by Goekay Aksaray, Berkant Yelken, Cem Kaptanoglu, Sueleyman Oflu, and Murat Oezaltin
Comments: This article examines the effect of obsessive compulsive disorder (OCD) on sexual function. Women with OCD were more sexually nonsensual, avoidant, and anorgasmic than the women with generalized anxiety disorder (GAD). These data suggest that OCD may be a risk factor for sexual problems in women.
by Steven N Gold and Christopher L. Heffner
Abstract: Sexual addiction has received increasing attention in the past decade. Existing literature on (1) competing conceptualizations of this syndrome as constituting an addictive, obsessive-compulsive, or impulse control disorder; (2) symptomatology and progression; (3) etiological models; and (4) treatment approaches is reviewed. Based on this review, questions requiring resolution via empirical investigation are identified.
by Jennifer B Freeman and Henrietta L. Leonard
Abstract: Reports on a 7-yr-old female and 10-yr-old male with onset of obsessive-compulsive disorder (OCD) after sexual abuse/sex play. Both cases presented diagnostic questions related to overlap and comorbidity between OCD and posttraumatic stress disorder (PTSD). It is noted that in these cases, the diagnosis of OCD was evident, whereas the full criteria for PTSD were not met. The authors note that it appeared that the sexual abuse incident was incorporated into OCD symptomatology. Although high comorbidity among anxiety disorder is well established, the interrelationship of the 2 disorders is notable. The authors argue that overall, these cases raise important issues with regard to assessment and diagnosis of child anxiety and trauma. In children presenting with sexual obsessions and OCD, it is important to consider sexual abuse. In cases where abuse is documented (or suspected), treatment may need to target symptoms of both OCD and PTSD.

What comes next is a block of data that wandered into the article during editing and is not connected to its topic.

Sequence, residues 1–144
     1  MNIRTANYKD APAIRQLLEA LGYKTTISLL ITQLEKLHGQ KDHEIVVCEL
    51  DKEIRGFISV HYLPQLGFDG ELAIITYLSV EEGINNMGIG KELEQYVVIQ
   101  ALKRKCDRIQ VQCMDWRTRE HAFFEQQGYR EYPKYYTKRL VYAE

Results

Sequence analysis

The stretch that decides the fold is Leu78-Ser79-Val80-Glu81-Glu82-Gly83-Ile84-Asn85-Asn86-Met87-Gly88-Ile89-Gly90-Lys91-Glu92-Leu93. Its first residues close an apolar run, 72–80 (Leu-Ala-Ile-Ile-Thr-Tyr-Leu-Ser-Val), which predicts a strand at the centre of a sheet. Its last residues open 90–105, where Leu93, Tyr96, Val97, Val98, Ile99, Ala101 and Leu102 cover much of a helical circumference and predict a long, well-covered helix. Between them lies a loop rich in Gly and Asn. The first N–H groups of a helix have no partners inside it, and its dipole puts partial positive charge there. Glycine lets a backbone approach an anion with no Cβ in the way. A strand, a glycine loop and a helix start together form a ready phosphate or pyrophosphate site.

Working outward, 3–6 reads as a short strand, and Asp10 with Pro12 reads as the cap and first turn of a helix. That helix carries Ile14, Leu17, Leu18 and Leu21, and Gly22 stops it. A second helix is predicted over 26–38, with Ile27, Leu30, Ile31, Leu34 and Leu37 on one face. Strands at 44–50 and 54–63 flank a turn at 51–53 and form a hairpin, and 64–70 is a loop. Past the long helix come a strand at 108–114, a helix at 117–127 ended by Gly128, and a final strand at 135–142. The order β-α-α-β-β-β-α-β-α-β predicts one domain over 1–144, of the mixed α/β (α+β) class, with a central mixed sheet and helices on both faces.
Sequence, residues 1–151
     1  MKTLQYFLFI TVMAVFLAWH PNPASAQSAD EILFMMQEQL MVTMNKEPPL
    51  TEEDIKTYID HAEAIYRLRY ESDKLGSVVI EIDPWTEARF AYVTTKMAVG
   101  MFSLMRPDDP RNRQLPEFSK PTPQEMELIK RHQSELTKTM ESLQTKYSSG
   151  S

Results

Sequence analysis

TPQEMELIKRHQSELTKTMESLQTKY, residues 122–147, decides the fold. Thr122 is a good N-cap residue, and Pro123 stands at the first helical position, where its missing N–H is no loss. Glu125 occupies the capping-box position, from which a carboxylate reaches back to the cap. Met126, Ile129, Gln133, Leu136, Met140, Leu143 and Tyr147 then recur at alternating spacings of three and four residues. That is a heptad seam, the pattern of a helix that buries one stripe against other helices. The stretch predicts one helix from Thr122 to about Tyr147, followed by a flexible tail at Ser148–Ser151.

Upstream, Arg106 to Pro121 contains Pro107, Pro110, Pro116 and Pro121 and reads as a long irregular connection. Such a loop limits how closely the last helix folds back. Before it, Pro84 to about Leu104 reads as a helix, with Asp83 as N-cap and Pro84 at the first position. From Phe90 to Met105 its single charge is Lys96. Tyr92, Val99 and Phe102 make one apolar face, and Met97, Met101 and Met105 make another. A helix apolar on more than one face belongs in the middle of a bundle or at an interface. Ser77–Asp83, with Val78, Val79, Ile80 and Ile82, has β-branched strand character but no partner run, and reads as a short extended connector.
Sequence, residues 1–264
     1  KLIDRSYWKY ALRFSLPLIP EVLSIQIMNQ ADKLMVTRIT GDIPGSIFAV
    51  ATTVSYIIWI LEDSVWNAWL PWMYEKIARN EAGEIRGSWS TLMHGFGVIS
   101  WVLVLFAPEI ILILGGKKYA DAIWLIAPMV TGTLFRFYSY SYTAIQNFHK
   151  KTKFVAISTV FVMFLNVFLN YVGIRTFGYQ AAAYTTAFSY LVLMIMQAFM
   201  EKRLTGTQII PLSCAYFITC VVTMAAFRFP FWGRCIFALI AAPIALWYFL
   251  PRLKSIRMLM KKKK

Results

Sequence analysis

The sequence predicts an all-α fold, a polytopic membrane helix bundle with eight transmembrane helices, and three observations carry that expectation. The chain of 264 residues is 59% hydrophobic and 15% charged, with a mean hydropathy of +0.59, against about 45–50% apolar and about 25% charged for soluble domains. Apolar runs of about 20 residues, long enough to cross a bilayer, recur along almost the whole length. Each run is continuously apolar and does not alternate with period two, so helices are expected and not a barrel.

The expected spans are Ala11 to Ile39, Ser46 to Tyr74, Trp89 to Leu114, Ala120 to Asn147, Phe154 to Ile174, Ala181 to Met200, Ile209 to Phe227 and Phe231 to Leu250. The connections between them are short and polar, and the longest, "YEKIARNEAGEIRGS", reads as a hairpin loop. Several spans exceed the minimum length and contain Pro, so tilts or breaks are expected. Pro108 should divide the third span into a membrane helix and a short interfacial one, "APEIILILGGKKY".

by Joseph Zohar, M.D., Zeev Kaplan, M.D., and Jonathan Benjamin, M.D.
Comments: This article details the sucessful treatment of an exhibitionist by taking a new drug called Luvox (Fluvoxamine). Medical jargon: ego-dystonic means behaviors that make you upset, Y-BOCS is a little written test that shows how obsessive-compulsive you are.
by J. M. W. Bradford
Comments: Paraphilias are psychological/social disorders that are usually considered deviant in nature. But in some cases, paraphilia can be thought of as an obsessive compulsive disorder. Medical jargon: 5HT means seratonin, SSRI's are drugs like Prozac.
by A. Abouesh and A. Clayton
Comments: Some researchers believe that paraphilias are related to obsessive compulsive disorder. This article gives examples of people treated for voyeurism and exhibitionism with the same medications used for OCD. Medical jargon: Paroxetine is Paxil.